Despite the steady stream of new safety rules and regulations, the number of workplace deaths in the United States hasn’t decreased significantly over the past 10 years. According to Ray Prest’s article in Safety Decisions, it’s a classic example of “the more things change, the more they stay the same.”
It’s not like safety rules and regulations don’t make sense or are not designed to prevent serious injuries and fatalities. So what’s going on? According to Prest:
While added requirements for personal fall protection systems and new reporting rules aim to change the way people do their jobs, those people themselves still stay the same. They still have the same limitations, flaws, and biases. And they still make the same mistakes that lead to serious injuries and fatalities, regardless of what the health and safety rules say.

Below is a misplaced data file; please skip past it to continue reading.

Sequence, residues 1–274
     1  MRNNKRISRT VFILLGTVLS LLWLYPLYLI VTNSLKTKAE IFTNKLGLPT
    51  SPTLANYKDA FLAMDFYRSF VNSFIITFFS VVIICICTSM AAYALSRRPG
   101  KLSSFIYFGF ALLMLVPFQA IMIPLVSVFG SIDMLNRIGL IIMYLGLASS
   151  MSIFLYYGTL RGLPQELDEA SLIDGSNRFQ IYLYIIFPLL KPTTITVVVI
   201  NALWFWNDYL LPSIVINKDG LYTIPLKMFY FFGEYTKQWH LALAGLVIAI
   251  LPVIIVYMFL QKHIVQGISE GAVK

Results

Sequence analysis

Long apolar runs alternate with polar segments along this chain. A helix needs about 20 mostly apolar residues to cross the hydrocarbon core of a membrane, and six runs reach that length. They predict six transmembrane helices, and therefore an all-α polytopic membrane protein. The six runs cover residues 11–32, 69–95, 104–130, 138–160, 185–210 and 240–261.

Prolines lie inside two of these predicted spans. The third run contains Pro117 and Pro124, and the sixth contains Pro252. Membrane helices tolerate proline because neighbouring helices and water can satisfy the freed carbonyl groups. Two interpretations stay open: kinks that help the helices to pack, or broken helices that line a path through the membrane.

Although workplaces have managed to eliminate the majority of injuries caused by unsafe conditions, there is more work to be done. Once physical and regulatory problems have been tackled, companies need to turn to the next link in the chain—people.
People are not to blame for the fact that they can cause errors, even ones that can lead to injuries. Humans aren’t perfect machines and it’s important to help workers understand their limitations better and provide them with tools that can safeguard them against those limitations. As Prest says:
This means creating work environments that account for the vagaries of human workers and establishing management systems and organizational structures that learn from employees’ on-the-ground experience.
Far from ignoring rules and regulations in favor of human factors, it’s important to build on the solid base provided by those rules. Taking new approaches to human error can help mistake-prone people who are sometimes tired, rushed and frustrated and fail to adhere to regulations due to the simple fact that they are human.
If organizations understand human nature better, they will be able to improve their employees’ safety. Thankfully, safety professionals increasingly recognize the challenges linked to human error. Now they just need to address the problem with as much dedication as they have engineering regulations.
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